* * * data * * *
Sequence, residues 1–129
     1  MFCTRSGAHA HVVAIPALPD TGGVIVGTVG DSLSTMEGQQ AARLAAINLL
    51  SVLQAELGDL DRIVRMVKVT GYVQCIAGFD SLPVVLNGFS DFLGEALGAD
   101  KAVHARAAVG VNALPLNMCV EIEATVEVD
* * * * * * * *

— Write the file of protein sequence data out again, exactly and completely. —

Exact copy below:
Sequence, residues 1–129
     1  MFCTRSGAHA HVVAIPALPD TGGVIVGTVG DSLSTMEGQQ AARLAAINLL
    51  SVLQAELGDL DRIVRMVKVT GYVQCIAGFD SLPVVLNGFS DFLGEALGAD
   101  KAVHARAAVG VNALPLNMCV EIEATVEVD